• Example Sprint Tasks.
  • Team’s collective ownership of Product Backlog Items and Sprint Tasks.
  • Less skilled team member as point person of a Sprint Task.
  • Cursory overview of Agile engineering practices: Pair programming, Test-Driven Development (TDD), refactoring, and continuous integration.
  • Should the Product Owner attend the Daily Scrum?
  • Use of the sidebar to stay within the 15-minute timebox.
  • Involving traditional QA people in Agile development. What happens when team members ignore team agreements? (HTML5 version)

Sprint Review Meeting

Sprint Review Meeting Presentation

  • What is the purpose of the Sprint Review Meeting? When do we have the Sprint Review Meeting?
  • Extrinsic manipulation (e.g. praise) considered harmful to intrinsic motivation and transparency.
  • Demonstrate a potentially shippable (properly tested) product increment every Sprint, even if it’s small.
  • Stick to clear goals each Sprint, avoid temptation to work outside agreed scope.
  • We usually discover new things to do faster than we get things done. Add newly discovered requirements to the Product Backlog.
  • The Product Owner’s role in scope control, reprioritization and release plan adjustment every Sprint. The Product Owner publically declares which PBIs are done.
  • How to measure velocity using story points. What is the purpose of velocity? When are metrics harmful?
  • Definition of done. Incomplete work returned to the Product Backlog for reprioritization.
  • Outside stakeholders attend the Sprint Review Meeting, provide feedback at the end. (HTML5 version)

Sprint Retrospective Meeting

Sprint Retrospective Meeting Presentation

  • What is the purpose of the Sprint Retrospective Meeting? When do we have the Sprint Retrospective Meeting?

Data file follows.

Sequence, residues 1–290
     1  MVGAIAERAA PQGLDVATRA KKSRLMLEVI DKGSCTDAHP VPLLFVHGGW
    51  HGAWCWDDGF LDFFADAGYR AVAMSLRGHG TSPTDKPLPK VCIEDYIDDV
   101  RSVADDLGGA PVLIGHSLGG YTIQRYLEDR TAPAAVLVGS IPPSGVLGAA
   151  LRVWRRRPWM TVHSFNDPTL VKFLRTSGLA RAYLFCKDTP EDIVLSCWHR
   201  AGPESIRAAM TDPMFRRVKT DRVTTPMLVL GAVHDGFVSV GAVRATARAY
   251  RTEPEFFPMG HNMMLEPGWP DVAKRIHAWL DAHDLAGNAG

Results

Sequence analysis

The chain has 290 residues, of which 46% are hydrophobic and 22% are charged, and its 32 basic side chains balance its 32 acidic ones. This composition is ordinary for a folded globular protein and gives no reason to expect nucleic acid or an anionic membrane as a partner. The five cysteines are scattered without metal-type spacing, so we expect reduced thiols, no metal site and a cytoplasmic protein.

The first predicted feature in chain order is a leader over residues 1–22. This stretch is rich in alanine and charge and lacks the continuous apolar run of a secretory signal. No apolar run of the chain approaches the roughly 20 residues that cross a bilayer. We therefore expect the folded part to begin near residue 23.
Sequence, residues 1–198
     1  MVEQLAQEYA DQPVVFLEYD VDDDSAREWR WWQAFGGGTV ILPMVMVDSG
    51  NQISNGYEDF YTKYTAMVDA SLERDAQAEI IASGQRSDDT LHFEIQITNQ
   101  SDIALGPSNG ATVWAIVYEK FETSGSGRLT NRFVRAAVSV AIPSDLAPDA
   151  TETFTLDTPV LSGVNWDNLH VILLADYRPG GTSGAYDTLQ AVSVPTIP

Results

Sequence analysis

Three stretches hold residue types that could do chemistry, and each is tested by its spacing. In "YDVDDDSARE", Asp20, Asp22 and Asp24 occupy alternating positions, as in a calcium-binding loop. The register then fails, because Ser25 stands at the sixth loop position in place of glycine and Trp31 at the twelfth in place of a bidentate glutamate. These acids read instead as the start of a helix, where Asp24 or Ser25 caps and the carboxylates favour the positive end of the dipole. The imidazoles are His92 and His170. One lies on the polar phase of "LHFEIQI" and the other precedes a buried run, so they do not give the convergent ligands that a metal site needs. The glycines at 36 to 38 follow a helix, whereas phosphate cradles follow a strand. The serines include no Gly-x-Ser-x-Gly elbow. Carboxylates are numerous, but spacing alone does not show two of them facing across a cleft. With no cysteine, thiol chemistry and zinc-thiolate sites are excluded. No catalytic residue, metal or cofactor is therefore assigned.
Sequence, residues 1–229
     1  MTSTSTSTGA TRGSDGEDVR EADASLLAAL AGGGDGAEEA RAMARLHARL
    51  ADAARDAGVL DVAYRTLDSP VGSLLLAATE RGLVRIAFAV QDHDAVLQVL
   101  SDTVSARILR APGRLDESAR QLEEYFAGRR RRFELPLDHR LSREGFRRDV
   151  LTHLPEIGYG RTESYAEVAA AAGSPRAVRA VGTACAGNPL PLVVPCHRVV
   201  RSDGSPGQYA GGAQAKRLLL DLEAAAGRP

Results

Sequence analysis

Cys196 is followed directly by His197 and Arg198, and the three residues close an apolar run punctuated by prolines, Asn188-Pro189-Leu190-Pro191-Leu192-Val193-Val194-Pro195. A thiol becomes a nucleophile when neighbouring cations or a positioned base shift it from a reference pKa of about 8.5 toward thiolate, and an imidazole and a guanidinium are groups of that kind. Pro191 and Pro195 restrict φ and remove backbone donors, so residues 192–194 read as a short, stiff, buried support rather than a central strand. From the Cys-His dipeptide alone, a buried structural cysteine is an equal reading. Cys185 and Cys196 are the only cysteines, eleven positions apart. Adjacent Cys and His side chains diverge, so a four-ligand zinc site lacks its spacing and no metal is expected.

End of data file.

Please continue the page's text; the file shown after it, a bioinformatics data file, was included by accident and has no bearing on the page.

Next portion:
• Only learning teams and learning organizations will thrive in the future. A Scrum Master must create this environment for learning, despite the traditional habit of focusing on micro-efficiency.
  • To remain a neutral facilitator, Scrum Master has a role outside the team. (Note to certification candidates: Some tests may require you to answer that the Product Owner and Scrum Master are «on the team,» an unfortunate oversimplification.)
  • Why we need status leveling techniques.
  • How to conduct a safety check. (Example responses shown were a real team’s actual responses. Note the point spread!)
  • The invisible gun no one will tell you you’re wearing.
  • Group size, unclear Product Ownership, contract relationships, and geographic distribution are usually impediments to full safety.
  • Classic Scrum Retrospective (What went well? What could be improved? What did we learn? What still puzzles us?) and example actions.
  • People tend to push for particular solutions before agreeing on the problems. Focused conversation principles (ORID: Objective questions, Reflective questions, Interpretive questions, Decision questions) can help.
  • Use silent writing to elicit multiple perspectives.
  • Retrospective is for the team, not those outside it.
  • An example timeline retrospective.
  • As the team matures, the Scrum Master’s role shifts toward transforming the outer organization.
  • Effective decision making for teams. (HTML5 version)